MIKE’S CURRENT TOP 6 FROM SAINSBURY’S

  1. CHÂTEAU PERRON, GRAVES, 2018
  2. TASTE THE DIFFERENCE, CÔTES DU RHÔNE, WHITE, 2018
  3. ARA, SELECT BLOCKS, ORGANIC SAUVIGNON BLANC, 2018
  4. TASTE THE DIFFERENCE, CALIFORNIAN WHITE, 2017
  5. TASTE THE DIFFERENCE, CHÂTEAU LES BOUYSSES, CAHORS, MALBEC, 2016
  6. TASTE THE DIFFERENCE, PORTUGUESE LISBOA RED, 2017

LAST TASTING – 9TH MAY 2019


CHÂTEAU PERRON, GRAVES, 2018, £11.00

The Graves region of Bordeaux, a touch south east of the city itself, is where white Bordeaux can produce some of the classiest, most sophisticated expressions going.  Slight snag is that they know it, and you’ll be parting with top dollar for the top wines.  But interestingly, and something that’s not always historically been the case in all of Bordeaux, even the “entry-level” whites from Graves are lovely wines.

This effort form Chateau Perron showcases that fresh minerality, with something quite chalky or stone on the nose and the mouth, channeling those gravelly soils that give the region its name. There’s plenty of fruit in there with ripe apple and peach, and lemon citrus, but also a lightness of floral orange blossom coming from a touch of Muscadelle, one of the three grapes in the blend along with Bordeaux classics Sauvignon Blanc and Semillon.

FOOD PAIRING

When in Bordeaux I like to make a bee-line for the Marché Des Capucins for a plate of oysters and a glass of white. This one would work pretty nice.


TASTE THE DIFFERENCE, CÔTES DU RHÔNE, WHITE, 2018, £8.00

We don’t drink enough of the white wines coming from this region of Southern France, much more famed for its reds. Viognier is the star of the show, but Grenache Blanc and Roussanne are beautiful grapes, all adding something different to the party.  When blended, they can make magic wines with fruit, floral, and peppery elements, and a lush viscosity on the palate.

This is what we’ve got here with a mix of apricot, nectarine, white pepper, and cherry blossom on the nose, and that lovely mouth coating body.

FOOD PAIRING

Creamy pasta dishes would work well, but also lighter curry dishes like a chicken or fish Korma.


ARA, SELECT BLOCKS, ORGANIC SAUVIGNON BLANC, 2018, £12.00

Unfortunately I’m a preachy bugger, and I think with food and drink production across the world it’s our duty to move away from so-called “conventional farming” and into more sustainable, organic, or even biodynamic production.  So I’m always going to do my best to champion products where I can.  But they’ve also got to be good, and this Sauvignon Blanc from Ara is.

A typical Kiwi Sauvignon Blanc, it’s bursting with tropical fruit from all that glorious sunshine they get down there. Nectarines, mangoes, papayas, it’s all in there alongside a gooseberry and lemon citrus zest and pith.  Now “pith” sounds horrible, but it gives a touch of bitterness to carry the searing acidity and lush tropical fruit.  It gives a really easy going finish.

FOOD PAIRING

Be great with some sushi and sashimi.  Just keep the soy sauce down to a minimum if you can.


TASTE THE DIFFERENCE, CALIFORNIAN WHITE, 2017, £10.00

This one, a bit like the Kiwi Sauvignon Blanc before it, is a wine style that we all fell in love with, and then the cool kids have told us we shouldn’t like it anymore.  But we do!  Well…I do anyway.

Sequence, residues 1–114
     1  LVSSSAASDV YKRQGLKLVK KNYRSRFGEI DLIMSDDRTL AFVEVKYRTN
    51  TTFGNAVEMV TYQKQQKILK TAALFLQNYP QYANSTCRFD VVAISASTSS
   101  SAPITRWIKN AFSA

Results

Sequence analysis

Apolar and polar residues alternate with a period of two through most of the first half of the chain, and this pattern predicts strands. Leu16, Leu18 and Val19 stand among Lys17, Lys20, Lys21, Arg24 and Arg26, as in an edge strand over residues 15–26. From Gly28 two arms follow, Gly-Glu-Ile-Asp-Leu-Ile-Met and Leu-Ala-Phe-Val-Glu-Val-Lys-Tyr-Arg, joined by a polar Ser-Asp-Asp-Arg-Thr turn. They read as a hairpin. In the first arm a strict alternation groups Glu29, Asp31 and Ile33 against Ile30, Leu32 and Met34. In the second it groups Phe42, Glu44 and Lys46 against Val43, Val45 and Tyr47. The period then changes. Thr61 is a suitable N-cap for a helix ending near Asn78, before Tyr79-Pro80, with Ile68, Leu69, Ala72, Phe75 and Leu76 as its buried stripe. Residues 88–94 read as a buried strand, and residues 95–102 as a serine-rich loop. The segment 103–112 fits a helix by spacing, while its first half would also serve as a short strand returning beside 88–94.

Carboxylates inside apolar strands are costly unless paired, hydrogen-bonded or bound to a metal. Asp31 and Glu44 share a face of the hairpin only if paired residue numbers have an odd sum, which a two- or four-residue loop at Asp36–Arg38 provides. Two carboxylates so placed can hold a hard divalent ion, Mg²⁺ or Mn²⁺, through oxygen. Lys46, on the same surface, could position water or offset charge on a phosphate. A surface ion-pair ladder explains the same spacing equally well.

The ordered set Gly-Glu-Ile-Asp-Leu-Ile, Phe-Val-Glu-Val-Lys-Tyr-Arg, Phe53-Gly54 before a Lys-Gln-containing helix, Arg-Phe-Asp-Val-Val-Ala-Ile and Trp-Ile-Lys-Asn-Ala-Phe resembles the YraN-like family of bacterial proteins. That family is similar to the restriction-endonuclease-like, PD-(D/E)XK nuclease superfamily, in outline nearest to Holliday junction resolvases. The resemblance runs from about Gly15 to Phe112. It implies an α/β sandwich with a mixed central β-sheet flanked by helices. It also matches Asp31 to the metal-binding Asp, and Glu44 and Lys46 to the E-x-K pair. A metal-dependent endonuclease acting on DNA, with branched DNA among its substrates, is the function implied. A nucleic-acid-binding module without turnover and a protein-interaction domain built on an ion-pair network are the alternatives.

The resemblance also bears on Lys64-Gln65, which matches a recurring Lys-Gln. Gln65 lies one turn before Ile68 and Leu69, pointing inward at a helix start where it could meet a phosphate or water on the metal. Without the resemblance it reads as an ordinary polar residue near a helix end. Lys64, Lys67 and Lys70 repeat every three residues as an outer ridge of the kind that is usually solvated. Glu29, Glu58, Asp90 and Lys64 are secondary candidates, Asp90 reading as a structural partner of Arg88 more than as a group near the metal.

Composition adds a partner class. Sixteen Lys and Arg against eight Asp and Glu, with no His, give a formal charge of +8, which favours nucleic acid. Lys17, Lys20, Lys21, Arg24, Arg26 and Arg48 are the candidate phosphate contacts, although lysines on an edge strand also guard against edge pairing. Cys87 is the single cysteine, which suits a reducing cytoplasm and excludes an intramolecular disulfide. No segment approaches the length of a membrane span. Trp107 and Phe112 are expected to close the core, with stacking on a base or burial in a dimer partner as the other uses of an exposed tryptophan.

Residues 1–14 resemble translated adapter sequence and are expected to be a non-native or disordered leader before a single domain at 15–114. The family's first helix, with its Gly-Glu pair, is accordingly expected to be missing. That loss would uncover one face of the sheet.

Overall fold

This is an oaked white blend from California, with mostly Chardonnay, a slug of Viognier, and some a few other additions to carry the day.  The oaking is there on the nose, there is a butteryness, a cashew-nuttiness, and a vanilla kick.  But it’s not in your face, it’s restrained and well balanced against the stone fruit and tropical fruit, the white blossom floral lift, and Viognier’s incredibly useful white pepper aroma.  It’s a very well balanced wine, and a snip at £10 (although I’ve often seen it down at £8 on offer).

FOOD PAIRING

Perfect accompaniment for your Sunday roast chicken.


TASTE THE DIFFERENCE, CHÂTEAU LES BOUYSSES, CAHORS, MALBEC, 2016, £13.00

Cahors is one of the original French sites for Malbec, now made famous by those gorgeous steak friendly reds from Argentina.  Cahors, however, adds a bit of subtlety to the Malbec world.

This wine is full of concentrated plums and cherries, and Malbec’s star quality, the violet perfume aroma.  It’s no more than a medium bodied wine, but full of flavour, grippy tannins, and a lovely fruity finish.

FOOD PAIRING

I’d say less steak, more slow cooked roast beef or lamb joint.


TASTE THE DIFFERENCE, PORTUGUESE LISBOA RED, 2017, £7.00

The wine growing regions around Lisbon have been well know in the past few years to those discerning in the ways of Portuguese reds.  Us mere mortals haven’t really had the chance with them yet, as the Douro Valley has provided supermarkets with lovely wines at decent prices (the TTD Douro pictured is a lovely wine for £10).

The battle on which Portuguese red I should feature was, however, won by the Lisboa for two reasons.  Firstly it’s a new line and we should all give it a go. And secondly, it’s £7!!  Absolute bargain!

It’s plush and plump and full in the mouth, with concentrated red and black fruits like plum and cherry.  It’s got a rose petal floral character which lightens the smell.  On the taste it’s warming and lush, with ripe grippy tannin, balanced acidity, and a ripe fruit aftertaste.  Really nice effort.

FOOD PAIRING

If you’re lucky enough to have a West Indian restaurant near you, I reckon curried goat would be ace with this. For everyone else, this’d be great with Spaghetti Bolognese.

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